Bungie Clarifies Content Strikes and Takedowns Affecting Destiny 2 Community


While content warnings and channel takedowns aren’t new to YouTube, the Destiny 2 The community was recently hit by a wave of strikes against some of the game’s most notable content creators. The situation became such that some content creators, such as Aztecross, were at risk of losing their channels as a result of the strikes, compounded by the fact that it was not clear why these strikes were happening. Bungie finally addressed these strikes in its latest This Week at Bungie, allaying the fears of many content creators as the studio works to undo the damage done.


Destiny 2 is a shared-world looter shooter that is currently in its fifth year as players enjoy all the new content from its new expansion, The Witch Queen, and its accompanying season, Season of the Risen. . The new expansion sees players do battle with the Hive God of Cunning, Savathun, who has taken possession of the Light following the events of Season of the Lost. Players must learn how she gained the Light, what must be done to get her back, and battle the Light-powered Hive Guardians of Savathun’s Lucent Brood.

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Speaking about the recent content strikes, the studio said the source of the recent wave of strikes was a “bad actor”, as Bungie described them, operating from accounts posing as the IP protection service. from Bungie. Google confirmed the accounts were fake, and Bungie worked diligently to have those strikes reversed. This has since eliminated any threat content creators had of losing their channels, something Destiny 2 The Aztecross streamer said he was close to performing as he was hit with two strikes.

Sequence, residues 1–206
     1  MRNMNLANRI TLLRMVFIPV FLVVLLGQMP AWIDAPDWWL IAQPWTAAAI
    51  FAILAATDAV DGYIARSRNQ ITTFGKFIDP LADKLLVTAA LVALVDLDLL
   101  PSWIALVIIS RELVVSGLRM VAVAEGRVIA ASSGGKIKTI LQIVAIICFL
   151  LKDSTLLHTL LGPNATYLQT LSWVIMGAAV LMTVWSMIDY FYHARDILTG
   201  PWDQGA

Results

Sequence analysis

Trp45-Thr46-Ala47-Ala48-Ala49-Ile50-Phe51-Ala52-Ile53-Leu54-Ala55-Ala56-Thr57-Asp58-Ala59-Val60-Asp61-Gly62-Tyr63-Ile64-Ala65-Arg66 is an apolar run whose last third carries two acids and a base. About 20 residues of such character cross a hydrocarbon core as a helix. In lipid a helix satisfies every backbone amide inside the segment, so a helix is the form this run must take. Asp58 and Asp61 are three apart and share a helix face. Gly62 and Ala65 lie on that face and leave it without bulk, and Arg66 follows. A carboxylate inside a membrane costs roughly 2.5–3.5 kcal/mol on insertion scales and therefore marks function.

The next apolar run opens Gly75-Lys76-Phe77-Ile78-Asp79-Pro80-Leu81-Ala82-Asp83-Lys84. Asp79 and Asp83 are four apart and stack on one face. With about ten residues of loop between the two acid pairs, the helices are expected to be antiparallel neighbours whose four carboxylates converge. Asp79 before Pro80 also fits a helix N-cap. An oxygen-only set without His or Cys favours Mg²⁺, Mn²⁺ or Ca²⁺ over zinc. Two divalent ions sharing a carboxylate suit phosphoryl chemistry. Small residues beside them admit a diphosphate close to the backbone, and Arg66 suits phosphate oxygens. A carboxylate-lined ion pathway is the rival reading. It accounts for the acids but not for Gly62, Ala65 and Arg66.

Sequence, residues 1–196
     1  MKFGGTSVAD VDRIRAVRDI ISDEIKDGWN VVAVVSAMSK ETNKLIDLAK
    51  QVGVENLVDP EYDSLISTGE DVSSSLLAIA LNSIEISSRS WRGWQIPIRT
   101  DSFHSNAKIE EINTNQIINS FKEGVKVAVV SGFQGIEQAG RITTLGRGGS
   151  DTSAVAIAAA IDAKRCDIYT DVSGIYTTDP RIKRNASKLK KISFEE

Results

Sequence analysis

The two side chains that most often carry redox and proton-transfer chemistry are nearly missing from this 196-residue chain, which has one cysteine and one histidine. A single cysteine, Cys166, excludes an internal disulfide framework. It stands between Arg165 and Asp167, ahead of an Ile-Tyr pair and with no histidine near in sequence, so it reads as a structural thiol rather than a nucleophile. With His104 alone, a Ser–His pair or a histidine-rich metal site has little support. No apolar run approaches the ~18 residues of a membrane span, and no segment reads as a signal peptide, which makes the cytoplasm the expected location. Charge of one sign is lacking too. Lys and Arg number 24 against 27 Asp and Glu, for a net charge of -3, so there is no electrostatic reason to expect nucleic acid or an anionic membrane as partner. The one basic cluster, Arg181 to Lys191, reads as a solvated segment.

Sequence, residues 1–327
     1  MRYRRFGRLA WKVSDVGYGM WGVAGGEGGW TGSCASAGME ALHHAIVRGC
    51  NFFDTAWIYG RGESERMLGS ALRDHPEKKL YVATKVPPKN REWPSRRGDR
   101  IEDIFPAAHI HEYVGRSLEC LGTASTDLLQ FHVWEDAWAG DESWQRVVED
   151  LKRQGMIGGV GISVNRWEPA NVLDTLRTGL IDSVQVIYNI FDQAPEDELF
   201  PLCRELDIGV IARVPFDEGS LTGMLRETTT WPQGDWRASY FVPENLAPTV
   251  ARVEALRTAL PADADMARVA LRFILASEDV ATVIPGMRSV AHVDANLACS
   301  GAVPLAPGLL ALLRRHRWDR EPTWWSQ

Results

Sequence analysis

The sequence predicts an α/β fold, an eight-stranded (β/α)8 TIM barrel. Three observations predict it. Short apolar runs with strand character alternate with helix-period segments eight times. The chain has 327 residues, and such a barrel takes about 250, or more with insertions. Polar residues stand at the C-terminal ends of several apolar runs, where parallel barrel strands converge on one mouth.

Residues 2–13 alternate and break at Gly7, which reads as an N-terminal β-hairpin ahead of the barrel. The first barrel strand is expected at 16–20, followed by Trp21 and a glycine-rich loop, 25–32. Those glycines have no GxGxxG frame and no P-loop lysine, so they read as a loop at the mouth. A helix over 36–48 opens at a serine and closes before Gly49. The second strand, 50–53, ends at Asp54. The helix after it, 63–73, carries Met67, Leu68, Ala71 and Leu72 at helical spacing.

The Traveler and Darkness pyramid ships fly over Earth from the black and white cinematic of Destiny 2's Vow of the Disciple raid.

Bungie made it clear that it was caught off guard as much as the Destiny 2 the content creators hit out, prompting the studio to investigate what was going on because it wasn’t “legitimate violations”. Bungie added that the strikes were not made at the behest of its IP protection partner, CSC, or caused by YouTube’s “algorithmic takedowns,” because any copyright claims are reviewed before a strike takes place. not be issued.

This has since prompted Google to review and improve YouTube’s DMCA algorithms “to reduce the likelihood of similar errors in the future”. Bungie followed suit, providing new guidelines for destiny music downloads as the in-game music was the basis of the strikes. The guidelines state that content creators can upload individual tracks as long as they are not monetized, no longer in-game, and have not already been uploaded by Bungie.

Destiny 2 is currently available on PC, PlayStation 4, PlayStation 5, Stadia, Xbox One and Xbox Series X/S.

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Source: Bungie

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